Alfred Pope's collection of paintings was relatively small compared with those of some of his American contemporaries, but its reputation grew as he began to lend to exhibitions in Cleveland, New York and Boston. Two of his Monets and a Degas made an especially strong impact at the Cleveland Art Loan Exhibition of 1894. Later his collection was among those chosen by Auguste F. Jaccaci and John La Farge for inclusion in Concerning Noteworthy Paintings in American Private Collections, a lavish fifteen-volume project of which only two volumes appeared. In 1910 the Pope collection was featured with that of Harris Whittemore and others in an article in The Burlington Magazine, French Paintings in American Collections by Dr. E. Waldmann, who pointed out that one had to travel to the United States if one wished to make a serious study of modern painting.

To compliment their paintings, the Popes accumulated an extensive collection of furniture, sculpture, ceramics and silver. Receipts for purchases they made during their European tour of 1888/1889 reveal the typically wide range of their interests. They bought majolica and frames in Venice, and a Roman bust from an Italian dealer; Whistler and Charles Méryon prints, a boulle inkstand, mahogany liquor case, Persian rugs and a William Morris tapestry based on Walter Crane's The Goose Girl in London; and in Paris a Venetian mirror, Antoine-Louis Barye bronzes, Japanese prints and three Monets from leading art dealers Boussoud, Valadon. These, their first purchases of French Impressionist paintings, included Monet's View of Cap d'Antibes, 1888 and Grainstacks, White Frost Effect, 1889.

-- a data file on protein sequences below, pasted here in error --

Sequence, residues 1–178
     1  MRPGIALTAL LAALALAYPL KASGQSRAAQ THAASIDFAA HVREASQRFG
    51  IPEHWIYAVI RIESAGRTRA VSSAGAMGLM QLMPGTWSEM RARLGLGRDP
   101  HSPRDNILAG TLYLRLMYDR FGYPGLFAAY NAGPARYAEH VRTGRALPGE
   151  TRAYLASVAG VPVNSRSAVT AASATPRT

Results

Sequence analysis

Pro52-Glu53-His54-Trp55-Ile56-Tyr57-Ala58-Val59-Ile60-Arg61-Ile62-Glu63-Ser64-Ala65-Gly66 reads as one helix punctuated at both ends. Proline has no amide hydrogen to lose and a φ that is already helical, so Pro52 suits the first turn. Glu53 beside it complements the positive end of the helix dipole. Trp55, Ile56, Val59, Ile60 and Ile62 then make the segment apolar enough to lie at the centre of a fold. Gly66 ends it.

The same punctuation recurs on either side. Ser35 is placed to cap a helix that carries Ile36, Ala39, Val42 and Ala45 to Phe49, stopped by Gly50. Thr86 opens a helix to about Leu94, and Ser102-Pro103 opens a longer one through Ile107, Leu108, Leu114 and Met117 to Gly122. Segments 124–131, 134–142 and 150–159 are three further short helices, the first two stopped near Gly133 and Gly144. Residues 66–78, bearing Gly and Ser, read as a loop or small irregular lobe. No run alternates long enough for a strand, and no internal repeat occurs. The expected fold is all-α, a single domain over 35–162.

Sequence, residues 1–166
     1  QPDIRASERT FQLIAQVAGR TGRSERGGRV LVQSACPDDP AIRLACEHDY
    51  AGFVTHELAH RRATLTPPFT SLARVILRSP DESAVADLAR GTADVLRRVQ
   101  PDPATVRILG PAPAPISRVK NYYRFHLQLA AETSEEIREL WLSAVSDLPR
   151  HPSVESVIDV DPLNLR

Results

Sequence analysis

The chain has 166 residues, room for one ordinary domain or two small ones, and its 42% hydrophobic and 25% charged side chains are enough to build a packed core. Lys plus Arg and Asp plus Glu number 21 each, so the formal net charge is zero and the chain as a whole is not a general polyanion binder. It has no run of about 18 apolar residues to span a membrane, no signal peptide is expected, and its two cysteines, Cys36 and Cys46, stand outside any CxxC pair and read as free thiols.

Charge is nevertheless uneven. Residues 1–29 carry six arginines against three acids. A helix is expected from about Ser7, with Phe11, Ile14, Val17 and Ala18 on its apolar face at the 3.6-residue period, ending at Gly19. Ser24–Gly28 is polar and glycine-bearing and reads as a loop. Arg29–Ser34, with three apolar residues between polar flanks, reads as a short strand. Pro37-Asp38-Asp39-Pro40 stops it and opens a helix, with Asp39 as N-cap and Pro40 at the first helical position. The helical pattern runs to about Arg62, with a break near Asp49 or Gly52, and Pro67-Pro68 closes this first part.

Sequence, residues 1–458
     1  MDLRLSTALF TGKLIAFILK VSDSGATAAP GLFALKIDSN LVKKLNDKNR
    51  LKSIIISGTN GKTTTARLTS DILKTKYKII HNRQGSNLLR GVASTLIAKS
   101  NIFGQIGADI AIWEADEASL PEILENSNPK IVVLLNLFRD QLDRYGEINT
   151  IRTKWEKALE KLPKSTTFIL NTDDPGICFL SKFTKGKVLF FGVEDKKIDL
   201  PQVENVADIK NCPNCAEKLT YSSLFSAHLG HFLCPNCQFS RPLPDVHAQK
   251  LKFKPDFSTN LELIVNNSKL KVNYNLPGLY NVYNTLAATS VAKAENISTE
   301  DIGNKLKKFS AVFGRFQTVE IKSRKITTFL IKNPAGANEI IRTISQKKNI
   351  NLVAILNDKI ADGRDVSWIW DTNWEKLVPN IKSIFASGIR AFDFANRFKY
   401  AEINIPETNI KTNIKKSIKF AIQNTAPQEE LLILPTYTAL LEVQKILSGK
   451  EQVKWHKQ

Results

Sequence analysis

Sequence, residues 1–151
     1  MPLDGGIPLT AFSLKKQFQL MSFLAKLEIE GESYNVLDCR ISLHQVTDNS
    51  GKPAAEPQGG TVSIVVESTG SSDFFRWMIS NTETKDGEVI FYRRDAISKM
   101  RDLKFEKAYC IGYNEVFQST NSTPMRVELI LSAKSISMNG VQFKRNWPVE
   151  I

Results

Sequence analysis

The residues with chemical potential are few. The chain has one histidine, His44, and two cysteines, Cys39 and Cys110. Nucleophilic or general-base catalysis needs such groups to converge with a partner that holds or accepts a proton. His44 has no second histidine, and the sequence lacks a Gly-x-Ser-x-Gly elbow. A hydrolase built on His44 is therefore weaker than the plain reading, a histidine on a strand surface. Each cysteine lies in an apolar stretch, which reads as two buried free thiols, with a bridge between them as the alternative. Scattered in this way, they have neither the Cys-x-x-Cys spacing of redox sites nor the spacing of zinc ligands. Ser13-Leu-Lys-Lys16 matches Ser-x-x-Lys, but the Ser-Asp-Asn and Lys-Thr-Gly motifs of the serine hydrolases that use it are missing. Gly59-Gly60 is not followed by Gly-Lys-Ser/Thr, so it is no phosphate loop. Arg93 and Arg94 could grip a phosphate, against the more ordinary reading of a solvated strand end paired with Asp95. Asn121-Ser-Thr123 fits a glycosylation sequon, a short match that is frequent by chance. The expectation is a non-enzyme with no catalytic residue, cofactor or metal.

With his acquisition of Japanese prints and Chinese porcelain, Alfred Pope was following a fashionable trend of the last decades of the nineteenth century when Asian objects became popular adornments in American homes. Because of their sympathetic arrangement with paintings and decorative objects on mantelpieces, or their isolated placement on occasional tables, Chinese porcelains played a prominent role in the decoration of the family's home. In addition, Pope acquired mainstream paintings in the officially sanctioned academic style of Pierre Puvis de Chavannes and Eugène Carrière as well as numerous decorative arts objects including bronze sculpture, Asian and European porcelains, and Asian, American and European prints - etchings, mezzotints and woodblocks.

Alfred Pope's interest in Impressionist paintings distinguished him within a select group of connoisseurs at the turn of the twentieth century, making a radical departure from the traditional tastes of many of his peers who acquired only Old Master paintings and drawings. Favoring quality over quantity, Pope took home the best works of art, rather than the most. Today, his noteworthy collection remains on display at his former country estate, Hill-Stead Museum in Farmington, Connecticut.

References[edit]

Hill-Stead: An Illustrated Museum Guide. Farmington, CT: Hill-Stead Museum, 2003.

External links[edit]